“Always look on the bright side of life
Always look on the right side of life...
Life's a piece of shit
When you look at it
Life's a laugh and death's a joke, it's true
You'll see it's all a show
Keep 'em laughin as you go
Just remember that the last laugh is on you
Always look on the bright side of life
Always look on the right side of life”
(Monty Python’s “Life of Brian”)
When I first met George Hawkins Jr, he was playing bass and singing in a local band in Ojai, Ca. It was 1973, and the Loggins & Messina organization had moved there to Jimmy’s ranch, the Mother Lode, to rehearse our next album.
I could tell he was a really good bass player and singer, but what I remember most about George was his stage presence, his enthusiasm. I sensed he’d be a great addition to the new L&M band, but what I didn’t see coming was his wicked sense of humor, which would keep the road fun and, well, ... interesting for years to come.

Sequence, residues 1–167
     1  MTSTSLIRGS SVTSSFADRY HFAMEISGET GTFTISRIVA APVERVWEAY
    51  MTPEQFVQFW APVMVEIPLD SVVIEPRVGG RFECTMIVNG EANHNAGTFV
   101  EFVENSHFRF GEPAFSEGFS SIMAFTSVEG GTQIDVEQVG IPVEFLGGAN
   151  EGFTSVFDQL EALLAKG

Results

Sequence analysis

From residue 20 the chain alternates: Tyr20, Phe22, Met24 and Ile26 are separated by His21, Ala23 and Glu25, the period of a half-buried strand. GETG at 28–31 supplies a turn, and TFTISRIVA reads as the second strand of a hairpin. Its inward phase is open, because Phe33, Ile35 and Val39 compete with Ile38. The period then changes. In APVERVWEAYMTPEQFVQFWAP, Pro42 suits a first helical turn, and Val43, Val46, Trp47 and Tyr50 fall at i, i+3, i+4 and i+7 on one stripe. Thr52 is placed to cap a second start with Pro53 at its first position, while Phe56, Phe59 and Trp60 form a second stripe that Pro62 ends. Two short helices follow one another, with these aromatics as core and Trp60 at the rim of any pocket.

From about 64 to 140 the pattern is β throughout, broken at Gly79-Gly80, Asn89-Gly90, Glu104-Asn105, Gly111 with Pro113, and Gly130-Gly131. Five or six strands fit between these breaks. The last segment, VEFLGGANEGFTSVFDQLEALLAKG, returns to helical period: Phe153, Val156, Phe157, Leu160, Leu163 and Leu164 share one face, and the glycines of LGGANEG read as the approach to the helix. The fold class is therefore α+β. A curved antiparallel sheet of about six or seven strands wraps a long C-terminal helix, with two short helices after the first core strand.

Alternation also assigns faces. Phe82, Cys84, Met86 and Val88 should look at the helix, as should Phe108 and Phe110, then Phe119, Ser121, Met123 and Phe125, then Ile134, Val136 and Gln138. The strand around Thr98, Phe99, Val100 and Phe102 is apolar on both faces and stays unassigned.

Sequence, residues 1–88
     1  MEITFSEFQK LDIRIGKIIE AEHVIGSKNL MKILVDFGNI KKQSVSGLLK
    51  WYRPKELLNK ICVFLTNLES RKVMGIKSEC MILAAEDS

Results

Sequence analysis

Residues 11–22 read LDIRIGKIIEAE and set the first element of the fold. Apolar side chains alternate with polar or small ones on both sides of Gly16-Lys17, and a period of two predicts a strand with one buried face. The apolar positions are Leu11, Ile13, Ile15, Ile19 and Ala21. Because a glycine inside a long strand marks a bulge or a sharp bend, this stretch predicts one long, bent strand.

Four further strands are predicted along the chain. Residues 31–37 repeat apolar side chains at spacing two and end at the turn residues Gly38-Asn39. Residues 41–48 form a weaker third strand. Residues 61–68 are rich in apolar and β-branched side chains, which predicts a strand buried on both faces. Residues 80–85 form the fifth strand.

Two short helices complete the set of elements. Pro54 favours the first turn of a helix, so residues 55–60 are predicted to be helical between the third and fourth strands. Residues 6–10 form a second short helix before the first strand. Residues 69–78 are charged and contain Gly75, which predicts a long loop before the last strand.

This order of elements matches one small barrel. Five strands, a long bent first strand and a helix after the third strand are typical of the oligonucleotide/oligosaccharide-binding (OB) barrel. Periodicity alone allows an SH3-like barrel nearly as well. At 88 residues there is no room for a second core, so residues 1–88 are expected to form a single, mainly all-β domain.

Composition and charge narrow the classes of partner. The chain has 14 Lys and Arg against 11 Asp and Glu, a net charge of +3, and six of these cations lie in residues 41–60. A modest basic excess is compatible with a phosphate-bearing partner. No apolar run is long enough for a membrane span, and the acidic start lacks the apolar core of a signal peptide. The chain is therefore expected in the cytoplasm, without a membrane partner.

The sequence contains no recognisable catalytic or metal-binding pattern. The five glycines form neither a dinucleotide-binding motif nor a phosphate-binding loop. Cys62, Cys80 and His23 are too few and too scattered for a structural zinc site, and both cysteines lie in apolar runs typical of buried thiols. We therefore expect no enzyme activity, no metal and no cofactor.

Nowadays, the one word most often used to describe George is, “Sweetheart.” But it wasn’t always that word. Trust me. George was “salty,” to say the least. The young George I originally met was very funny, of course, but mostly sarcastic, and often very cutting. You were careful not to get on his bad side. There was always an undercurrent of deep anger and impatience. To me he seemed like The Righteous Avenger, constantly on the lookout for hypocrites, ready to slice them up with his sharp wit.
Even as a young man, George had little tolerance for all things pretentious or phony. He hated playing the game, and too often pop music required compromises he had difficulty reconciling.
I remember when we filmed my “Alive” show at the SB County Bowl in 1980, the director had pre-made signs for the audience to hold during the show, like: “Welcome home, Kenny” and “We love you Kenny.” When George saw them during soundcheck, he jumped off the stage, ran into the stands, and started ripping them up; totally pissed off by the premeditated show-biz dishonesty.